First, I want to thank the judges who sent both these books my way. They were the books I needed in my life right now for very different reasons.
I read If I Was Your Girl by Meredith Russo first; I had picked up a copy at a library conference last year but hadn’t had a chance to dip in yet. My to-be-read list is an always evolving beast with things getting pushed to the top and jumping the line for all sorts of reasons – thank goodness this was what surfaced right now! In a world where Gavin Grimm’s case against the Gloucester School Board will soon be heard by the Supreme Court, setting precedent for any other cases regarding transgender bathroom use, being familiar with transgender experiences and perspectives is important for today’s teens and, really, anyone who wants to claim they are informed.
With Amanda’s story, Russo presents to readers one story of a transgender teen living in the South – Lambertville, TN to be exact. Amanda has just recently moved to live with a Dad she barely knows because her previous high school and community were not handling her transition well. Lambertville is a place where no one knows that Amanda has transitioned – all they see is a sweet, typical Southern girl-next-door – after all that’s what Amanda is. We get to watch Amanda fall in love and experience her first kiss, figure out how to make her father see her as she has always seen herself, and, my favorite part, watch her make girl friends for the first time. Seeing how happy all these things make her, makes the eventual betrayal even tougher to take, as Amanda discovers that knowing who to trust isn’t always easy. If I Was Your Girl is an excellent romance, school story, and family drama written with an authoritative hand since Meredith Russo herself is a transgender woman – as is the beautiful cover model! And don’t miss the author’s note at the end; it’s worthy backmatter.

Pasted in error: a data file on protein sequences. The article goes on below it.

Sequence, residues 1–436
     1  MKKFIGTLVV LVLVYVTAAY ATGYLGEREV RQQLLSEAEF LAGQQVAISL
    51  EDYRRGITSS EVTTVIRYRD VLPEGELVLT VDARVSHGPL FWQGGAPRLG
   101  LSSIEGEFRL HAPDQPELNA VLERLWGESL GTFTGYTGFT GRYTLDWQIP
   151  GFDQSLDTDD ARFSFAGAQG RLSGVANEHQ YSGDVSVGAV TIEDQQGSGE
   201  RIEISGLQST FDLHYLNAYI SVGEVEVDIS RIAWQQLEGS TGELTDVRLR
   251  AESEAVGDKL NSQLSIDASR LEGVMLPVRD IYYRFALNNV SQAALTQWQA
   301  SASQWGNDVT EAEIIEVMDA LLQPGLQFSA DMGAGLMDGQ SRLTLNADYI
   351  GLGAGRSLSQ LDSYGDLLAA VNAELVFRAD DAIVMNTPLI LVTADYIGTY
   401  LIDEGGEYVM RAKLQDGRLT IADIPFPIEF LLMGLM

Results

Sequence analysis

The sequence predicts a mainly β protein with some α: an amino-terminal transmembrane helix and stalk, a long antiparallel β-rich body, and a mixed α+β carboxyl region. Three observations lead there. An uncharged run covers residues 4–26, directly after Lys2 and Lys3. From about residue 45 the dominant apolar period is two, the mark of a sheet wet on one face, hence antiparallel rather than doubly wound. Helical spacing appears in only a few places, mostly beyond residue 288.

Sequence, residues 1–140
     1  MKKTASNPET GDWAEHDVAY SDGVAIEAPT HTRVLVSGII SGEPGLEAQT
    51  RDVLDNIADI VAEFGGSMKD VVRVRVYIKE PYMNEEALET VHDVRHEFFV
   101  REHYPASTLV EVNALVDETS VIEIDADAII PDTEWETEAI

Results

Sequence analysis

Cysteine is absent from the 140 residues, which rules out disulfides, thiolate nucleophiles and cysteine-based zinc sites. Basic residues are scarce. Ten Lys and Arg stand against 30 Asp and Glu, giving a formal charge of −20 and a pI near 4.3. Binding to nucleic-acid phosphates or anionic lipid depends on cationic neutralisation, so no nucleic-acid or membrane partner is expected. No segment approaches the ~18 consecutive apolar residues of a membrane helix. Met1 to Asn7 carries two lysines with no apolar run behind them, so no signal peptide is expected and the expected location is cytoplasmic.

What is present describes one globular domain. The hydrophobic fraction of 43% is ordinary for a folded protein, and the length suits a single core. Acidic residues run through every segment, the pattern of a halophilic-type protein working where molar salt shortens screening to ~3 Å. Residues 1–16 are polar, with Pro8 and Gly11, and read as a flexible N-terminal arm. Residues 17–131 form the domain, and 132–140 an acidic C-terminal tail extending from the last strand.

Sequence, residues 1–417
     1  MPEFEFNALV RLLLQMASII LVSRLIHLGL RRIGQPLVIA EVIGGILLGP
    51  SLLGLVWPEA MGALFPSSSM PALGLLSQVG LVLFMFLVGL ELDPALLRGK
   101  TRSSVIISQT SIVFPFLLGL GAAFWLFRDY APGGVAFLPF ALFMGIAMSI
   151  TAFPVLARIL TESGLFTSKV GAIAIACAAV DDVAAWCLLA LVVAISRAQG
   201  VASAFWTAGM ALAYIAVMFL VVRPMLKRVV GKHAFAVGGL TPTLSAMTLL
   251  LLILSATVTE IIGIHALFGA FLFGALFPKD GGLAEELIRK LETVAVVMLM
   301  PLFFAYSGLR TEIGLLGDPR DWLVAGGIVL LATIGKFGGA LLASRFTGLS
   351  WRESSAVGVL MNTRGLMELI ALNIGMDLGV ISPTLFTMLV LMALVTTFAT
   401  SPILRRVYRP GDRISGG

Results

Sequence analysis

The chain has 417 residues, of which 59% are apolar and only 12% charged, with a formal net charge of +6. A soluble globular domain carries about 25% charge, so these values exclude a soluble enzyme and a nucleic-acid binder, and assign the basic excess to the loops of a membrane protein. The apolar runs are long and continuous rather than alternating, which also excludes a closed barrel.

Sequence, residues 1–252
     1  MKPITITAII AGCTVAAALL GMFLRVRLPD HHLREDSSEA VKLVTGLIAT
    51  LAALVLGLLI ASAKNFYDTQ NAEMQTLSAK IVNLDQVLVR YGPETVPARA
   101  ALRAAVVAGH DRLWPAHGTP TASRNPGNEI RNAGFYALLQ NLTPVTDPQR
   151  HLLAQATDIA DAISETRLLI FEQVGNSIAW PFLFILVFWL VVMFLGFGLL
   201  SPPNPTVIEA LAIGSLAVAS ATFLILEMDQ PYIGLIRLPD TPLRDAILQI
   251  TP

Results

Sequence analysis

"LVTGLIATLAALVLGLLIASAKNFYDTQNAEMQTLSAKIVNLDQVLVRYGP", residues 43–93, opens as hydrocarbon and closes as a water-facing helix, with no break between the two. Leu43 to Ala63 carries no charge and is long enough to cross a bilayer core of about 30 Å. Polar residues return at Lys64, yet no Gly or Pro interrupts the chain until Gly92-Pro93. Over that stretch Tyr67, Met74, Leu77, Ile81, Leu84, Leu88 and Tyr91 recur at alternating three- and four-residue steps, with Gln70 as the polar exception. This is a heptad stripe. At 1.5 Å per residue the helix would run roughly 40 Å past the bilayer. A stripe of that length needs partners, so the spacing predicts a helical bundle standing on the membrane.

When I saw that My Lady Jane by Cynthia Hand, Brodi Ashton and Jodi Meadows had made it through the first round I was expecting straight up alternate history with heavy implications a la Harry Turtledove, but to my delight that is not at ALL what this book is. I mean, it’s alternate history alright, but with shapechangers and feminism and pop culture allusions (including a ton of Shakespeare) and so. many. jokes! Truth #1: I am a sucker for a funny book. Truth #2: The world right now can be pretty depressing and induces a lot of anxiety – plus I just finished a string of heavy, literary books for a Mock Printz discussion which for some reason I decided to follow with a chaser of Anna and the Swallow Man on audio – I feel like I have been swimming in beautiful, well-constructed sentences, but, boy, was I ready for some levity and My Lady Jane delivered in spades! I simply adored this book – and it wasn’t just the fantasy and romance and humor (all particular favorites of mine); the historical fiction bits made me go refresh myself on the tragic English history of Lady Jane Grey the Nine-Days-Queen and Edward VI that inspired this romp. Hand, Ashton and Meadows took that tragic history and turned it on its ear- giving these historical figures much more entertaining and hopeful, albeit fantastical, lives.
So once again, many thanks to the first-round judges who sent me these books, both of which I enjoyed immensely. I cannot wait to recommend them to patrons and the other people in my life (In fact, I didn’t wait – I’ve already recommended each of them to at least one person – Hi, Mom and Kris!). But, in the end, I can only pick one to send forward in the tournament and, did I mention the world is scary right now? Yes, we need humor to battle that – so if it’s your thing, I hope you seek out My Lady Jane – but even more we need #ownvoices. And to lift those voices up and give them platforms. If more people read If I Was Your Girl, I believe there will be less fear of transgender people. I can recommend it to patrons all I want, but in most cases, will never know if they actually read it. Here? I can make sure at least one more person picks it up and gets to enjoy Russo’s story of one Southern girl-next-door finding her way in the world.
The Winner: If I Was Your Girl